What if the impostors really are faking it? That’s the question I was thinking about after reading the recent New Yorker article about the ubiquity of so-called “impostor syndrome.”

The author, Leslie Jamison, offers a fascinating history of how a personal reflection made by an assistant professor of psychology at Oberlin College in the 1970s has become a ubiquitous self-diagnosis among middle- and upper-class American women. 

Pauline Clance excelled in school, was the first in her family to go to college and eventually earned a doctoral degree at the University of Kentucky, but “everywhere she went, Clance felt the same nagging sense of self-doubt, the suspicion that she’d somehow tricked everyone else into thinking she belonged,” Jamison wrote.

Clance later collaborated with a colleague, Suzanne Imes, to write a paper on what they called “The Impostor Phenomenon in High-Achieving Women.”

Since then, the idea that you’re faking it even when you’re qualified to be in your position has become widespread. Like joking about needing a glass of wine to deal with toddlers, it’s become a universal trope among certain women.

Writer and comedian Viv Groskop told Jamison about standing in front of 500 women and saying, “Raise your hand if you have experienced impostor syndrome.” She reported that almost every woman raised her hand. When Groskop asked, “Who here has never experienced impostor syndrome?,” only one woman volunteered. But later that woman apologized — ”worried that it was somehow arrogant not to have impostor syndrome.”

The occasional feeling that you don’t belong, though, is universal among both women and men. Sometimes we assume those around us are smarter and more qualified, and sometimes we assume they are less so. Maybe we think that those with a degree from a more prestigious college are more qualified and we are intimidated by that. Maybe it’s someone with more expensive clothes or someone who happens to know more people in power.

But feeling as if we don’t belong can have a salutary effect, making us work harder to ensure we are overly prepared for tasks or jobs. We are all “faking it” sometimes, whether it’s in social situations or at work. But we put in extra effort to ensure that other people won’t know, or to progress to the point where we feel more like we do belong.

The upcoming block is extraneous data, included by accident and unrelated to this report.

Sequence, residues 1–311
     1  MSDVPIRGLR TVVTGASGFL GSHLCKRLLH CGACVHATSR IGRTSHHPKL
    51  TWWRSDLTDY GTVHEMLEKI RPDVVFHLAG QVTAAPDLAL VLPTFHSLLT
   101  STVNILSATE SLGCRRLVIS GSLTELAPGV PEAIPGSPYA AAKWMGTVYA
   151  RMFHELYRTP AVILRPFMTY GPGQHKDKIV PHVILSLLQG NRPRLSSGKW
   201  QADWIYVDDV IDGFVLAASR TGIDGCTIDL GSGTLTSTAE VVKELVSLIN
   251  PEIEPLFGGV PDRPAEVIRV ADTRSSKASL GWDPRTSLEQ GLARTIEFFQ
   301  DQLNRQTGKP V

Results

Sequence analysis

Jamison notes that “impostor syndrome” mostly seems to be experienced by millennial and Gen X women. Older women often say that they were underestimated by others in their careers but didn’t feel they were underqualified. Maybe this is a difference in the education that different generations of women (and men) receive.

The boomer generation received an education that required them to memorize and master a significant body of knowledge about math, science, history and English. They are more likely to be able to answer questions about historic events without checking Google first. Feeling as though you know real and important things can help in situations where you might feel insecure, especially when there is a shared body of knowledge that everyone is expected to know.

Confidence is not something that can be separated from actual knowledge. Education experts have long joked that American children have tended to have lower scores on standardized tests than their peers in other countries, but higher levels of confidence that they got the answers right. The truth, though, is that self-esteem is built through competence. 

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If you put people in a room and take away their smartphones, what can they do on their own? Can they write an essay? Do a math problem? Change a tire? Cook a meal? Truly mastering a skill makes kids and adults feel better about themselves.

So why do women seem to report feeling differently from men? First, there are plenty of men who feel out of place and sense they are “faking it” in their workplaces. It’s probably less socially acceptable for them to admit it.

But I wonder if part of the problem is that women are also more likely to go into professions where the mastery of knowledge is not valued, even when it should be. Take a profession like teaching elementary school. Women like my grandmother, who were teachers 70 years ago, not only had to have mastered history and math and English themselves, they were given a set curriculum to teach every year. The longer they taught, the more solid their qualifications became.

Today, as Daniel Buck writes in his recent book “What is Wrong With Our Schools?,” many teachers spend their training years learning about how education is oppressive, but they don’t learn important things like how to teach students to read. According to Buck, many of these teachers are flying blind, looking up stuff on the internet to teach kids every morning. 

Take instead a male-dominated profession like engineering, where students are required to understand a clear body of knowledge. There may be innovations, but a competent engineer is less likely to feel that he or she is an impostor in a room full of other trained engineers.

Instead of advising those with impostor syndrome to “fake it until you make it,” maybe we should tell them to adopt another famous motto: Be prepared. 

Naomi Schaefer Riley is a senior fellow at the American Enterprise Institute, a Deseret News contributor and the author of “No Way to Treat a Child: How the Foster Care System, Family Courts, and Racial Activists Are Wrecking Young Lives,” among other books.